WATCH: Have you caught the marathon bug? Here’s how to start your running journey

Sam Cleaver is sharing his tips on the correct way to run, after the success of the London Marathon.

Sam Cleaver is sharing his tips on the correct way to run, after the success of the London Marathon. Picture: SAM CLEAVER - Credit: Archant

An Ipswich personal trainer shares his advice of how to start running as hundreds of people get inspired following this year’s London Marathon.

Sam Cleaver.
Picture: Rachel Edge

Sam Cleaver. Picture: Rachel Edge - Credit: Archant

The London Marathon is one of the biggest events of the year – and many people, novices and elites alike, tuned in to watch and support those who completed the gruelling 26.2mile stretch across the capital at the weekend.

Thousands of people will this week be signing up to running clubs or heading out by themselves for the first time – and just like in the New Year, the numbers of those taking a trip to A&E is likely to increase.

So how can you avoid injury and run correctly?

Sam Cleaver, a personal trainer and director of Stoic Performance, shares his advice of how to ease yourself into running and how to prepare for the perfect race.

Here are his top tips...

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? Work with what you’ve got - Sam said: “Everyone runs differently, but it’s important to work with what you have and slightly improve it gradually.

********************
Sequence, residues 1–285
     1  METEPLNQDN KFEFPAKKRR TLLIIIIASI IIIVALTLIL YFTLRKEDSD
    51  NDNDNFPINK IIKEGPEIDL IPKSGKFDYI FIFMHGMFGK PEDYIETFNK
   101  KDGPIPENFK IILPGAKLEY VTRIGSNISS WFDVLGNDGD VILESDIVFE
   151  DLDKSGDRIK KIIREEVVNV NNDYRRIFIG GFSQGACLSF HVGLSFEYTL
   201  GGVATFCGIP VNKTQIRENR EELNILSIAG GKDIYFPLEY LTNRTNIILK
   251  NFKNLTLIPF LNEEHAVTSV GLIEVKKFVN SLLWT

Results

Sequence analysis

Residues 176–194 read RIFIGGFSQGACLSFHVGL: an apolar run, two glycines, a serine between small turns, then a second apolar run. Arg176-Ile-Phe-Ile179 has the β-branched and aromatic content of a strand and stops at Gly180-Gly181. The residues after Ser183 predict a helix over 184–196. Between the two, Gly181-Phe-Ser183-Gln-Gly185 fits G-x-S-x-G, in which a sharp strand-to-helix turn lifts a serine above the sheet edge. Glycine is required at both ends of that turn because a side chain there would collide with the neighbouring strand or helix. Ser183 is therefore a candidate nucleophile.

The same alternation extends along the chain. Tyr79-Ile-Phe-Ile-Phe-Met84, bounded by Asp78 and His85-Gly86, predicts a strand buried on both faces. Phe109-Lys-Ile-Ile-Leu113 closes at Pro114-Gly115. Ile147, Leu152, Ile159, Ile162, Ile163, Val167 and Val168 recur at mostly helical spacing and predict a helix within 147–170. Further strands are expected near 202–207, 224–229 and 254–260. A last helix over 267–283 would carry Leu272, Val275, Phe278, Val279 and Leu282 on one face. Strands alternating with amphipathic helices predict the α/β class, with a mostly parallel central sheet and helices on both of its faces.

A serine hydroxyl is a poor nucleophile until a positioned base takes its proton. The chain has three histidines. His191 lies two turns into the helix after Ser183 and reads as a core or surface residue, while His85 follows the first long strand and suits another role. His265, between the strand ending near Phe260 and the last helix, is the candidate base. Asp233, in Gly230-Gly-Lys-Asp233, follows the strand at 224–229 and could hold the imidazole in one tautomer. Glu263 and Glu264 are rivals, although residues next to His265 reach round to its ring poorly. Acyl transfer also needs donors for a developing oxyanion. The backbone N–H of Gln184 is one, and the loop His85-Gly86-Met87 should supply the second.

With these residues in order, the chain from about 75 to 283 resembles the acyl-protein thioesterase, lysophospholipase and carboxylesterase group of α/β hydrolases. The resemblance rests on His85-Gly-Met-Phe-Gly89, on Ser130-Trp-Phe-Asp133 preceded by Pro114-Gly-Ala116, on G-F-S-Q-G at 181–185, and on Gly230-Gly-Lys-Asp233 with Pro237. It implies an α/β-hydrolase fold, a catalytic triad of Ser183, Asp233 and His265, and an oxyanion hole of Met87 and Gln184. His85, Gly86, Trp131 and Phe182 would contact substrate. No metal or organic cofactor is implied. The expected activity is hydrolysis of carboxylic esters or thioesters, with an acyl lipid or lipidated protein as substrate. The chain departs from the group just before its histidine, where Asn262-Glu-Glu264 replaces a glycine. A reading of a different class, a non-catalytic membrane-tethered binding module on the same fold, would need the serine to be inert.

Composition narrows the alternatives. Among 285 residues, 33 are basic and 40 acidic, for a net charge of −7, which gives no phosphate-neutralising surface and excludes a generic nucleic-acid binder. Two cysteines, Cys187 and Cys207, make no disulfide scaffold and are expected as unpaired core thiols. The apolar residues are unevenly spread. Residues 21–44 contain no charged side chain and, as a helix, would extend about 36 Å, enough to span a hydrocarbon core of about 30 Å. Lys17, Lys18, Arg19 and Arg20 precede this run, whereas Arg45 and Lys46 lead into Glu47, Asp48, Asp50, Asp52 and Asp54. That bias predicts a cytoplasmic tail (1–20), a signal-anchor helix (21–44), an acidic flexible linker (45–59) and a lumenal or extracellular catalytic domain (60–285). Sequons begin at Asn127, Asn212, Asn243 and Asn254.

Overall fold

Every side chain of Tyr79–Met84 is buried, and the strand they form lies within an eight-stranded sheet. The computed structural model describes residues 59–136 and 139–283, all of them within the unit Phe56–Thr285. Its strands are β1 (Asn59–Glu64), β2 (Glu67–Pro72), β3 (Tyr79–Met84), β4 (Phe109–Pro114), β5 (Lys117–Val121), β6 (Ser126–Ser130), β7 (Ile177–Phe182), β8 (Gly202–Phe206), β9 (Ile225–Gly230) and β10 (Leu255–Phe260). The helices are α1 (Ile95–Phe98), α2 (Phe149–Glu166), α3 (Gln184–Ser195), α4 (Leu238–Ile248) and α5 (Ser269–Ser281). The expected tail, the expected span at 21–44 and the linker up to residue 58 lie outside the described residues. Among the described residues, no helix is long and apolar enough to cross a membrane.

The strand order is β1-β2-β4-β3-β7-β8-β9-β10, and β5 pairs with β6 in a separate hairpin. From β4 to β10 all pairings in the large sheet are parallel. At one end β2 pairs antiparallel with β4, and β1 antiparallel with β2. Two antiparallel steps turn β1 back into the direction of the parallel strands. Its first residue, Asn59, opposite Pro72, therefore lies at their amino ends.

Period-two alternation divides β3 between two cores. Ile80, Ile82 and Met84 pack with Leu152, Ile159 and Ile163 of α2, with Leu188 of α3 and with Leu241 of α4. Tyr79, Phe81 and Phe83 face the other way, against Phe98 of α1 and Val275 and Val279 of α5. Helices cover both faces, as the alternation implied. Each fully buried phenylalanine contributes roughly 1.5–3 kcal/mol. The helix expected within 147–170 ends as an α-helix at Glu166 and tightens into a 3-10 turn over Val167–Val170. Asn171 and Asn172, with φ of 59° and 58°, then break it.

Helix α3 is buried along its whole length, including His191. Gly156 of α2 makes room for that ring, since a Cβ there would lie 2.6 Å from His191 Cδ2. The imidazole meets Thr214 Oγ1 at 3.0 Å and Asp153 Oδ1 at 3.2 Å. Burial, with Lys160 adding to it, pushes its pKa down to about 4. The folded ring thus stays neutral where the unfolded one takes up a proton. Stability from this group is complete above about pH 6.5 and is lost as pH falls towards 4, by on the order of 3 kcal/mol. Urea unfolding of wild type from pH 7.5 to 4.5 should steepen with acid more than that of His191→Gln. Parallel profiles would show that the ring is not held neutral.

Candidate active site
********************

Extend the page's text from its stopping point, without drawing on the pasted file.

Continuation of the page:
“For many people it’s the case of lifting the knees up and propelling them forward.”

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? Take it slow - Sam said: “Take it slow to start with, don’t try and increase mileage too quick and don’t try and run too fast.”

? Stay safe - “Running is awesome for people’s health, but it’s important to stay safe,” added Sam.

“If we look at New Year’s resolutions a number of people got injured and took a trip to A&E.

“Now we know there is a big surge of people getting into health and fitness again following the London Marathon, but we need to help them be safe.”

Sam advises that novice runners should: “Lift your knees, don’t stomp underneath yourself, and whip the floor away as then you are going to get less impact through the hips, knees and ankles and will stay safer for longer.”

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